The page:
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I think I rather understand how file permissions work in linux. However, I don't really understand why they are split into three levels and not into two: can anyone explain the rationale for why a single user can own a file? Isn't having group/other permissions enough? With your answer, I'd be happy if you reference to discussions I can read on this topic.

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closed as not constructive by Ƭᴇcʜιᴇ007, bwDraco, Indrek, Dave, Renan Oct 8 '12 at 14:17

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Surely this is sort of self evident. If I create a file on a multiuser machine, which I want kept private, then I want to be able to specify that in the permissions. This is especially important with user specific data such as private keys.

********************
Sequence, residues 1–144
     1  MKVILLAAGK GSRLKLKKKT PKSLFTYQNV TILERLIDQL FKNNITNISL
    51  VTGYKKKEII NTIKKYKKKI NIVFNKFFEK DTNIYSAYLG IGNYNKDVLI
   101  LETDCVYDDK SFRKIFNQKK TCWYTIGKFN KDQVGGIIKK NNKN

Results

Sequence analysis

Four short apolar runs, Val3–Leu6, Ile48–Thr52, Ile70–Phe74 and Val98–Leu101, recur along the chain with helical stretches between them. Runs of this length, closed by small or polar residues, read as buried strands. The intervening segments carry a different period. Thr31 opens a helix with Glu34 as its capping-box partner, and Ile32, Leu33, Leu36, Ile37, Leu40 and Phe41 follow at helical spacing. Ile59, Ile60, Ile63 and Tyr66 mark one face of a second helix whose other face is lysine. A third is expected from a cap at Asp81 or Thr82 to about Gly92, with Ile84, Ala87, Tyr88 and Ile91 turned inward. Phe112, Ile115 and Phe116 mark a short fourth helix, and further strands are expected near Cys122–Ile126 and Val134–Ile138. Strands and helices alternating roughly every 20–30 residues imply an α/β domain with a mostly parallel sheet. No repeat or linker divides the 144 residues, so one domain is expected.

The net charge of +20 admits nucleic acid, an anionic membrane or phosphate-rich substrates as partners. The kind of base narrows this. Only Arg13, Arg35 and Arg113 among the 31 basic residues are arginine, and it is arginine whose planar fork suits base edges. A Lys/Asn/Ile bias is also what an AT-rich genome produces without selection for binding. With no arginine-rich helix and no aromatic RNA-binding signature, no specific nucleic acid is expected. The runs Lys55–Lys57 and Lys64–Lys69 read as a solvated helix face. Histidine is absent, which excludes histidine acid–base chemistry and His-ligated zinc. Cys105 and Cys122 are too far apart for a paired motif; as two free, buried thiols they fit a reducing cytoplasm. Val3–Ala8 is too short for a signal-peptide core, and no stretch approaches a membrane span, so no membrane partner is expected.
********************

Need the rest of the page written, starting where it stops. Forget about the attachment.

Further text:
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It also specifies your own relationship to the file: you can make a file read only if you don't want to change it accidentally (although this doesn't prevent deletion). Or chmod 000 to make it unreadable (mostly useless, except for debugging) – pjc50 Oct 8 '12 at 13:55

This is especially important if there are isn’t a specific group for each user (as there is today on, say, Debian, where a group userx is created when userx is created). Furthermore, it allows to give access to both a specific user, who may then give access to another group of which he is not necessarily a member without having to add himself to that group, something that can only be done by root.

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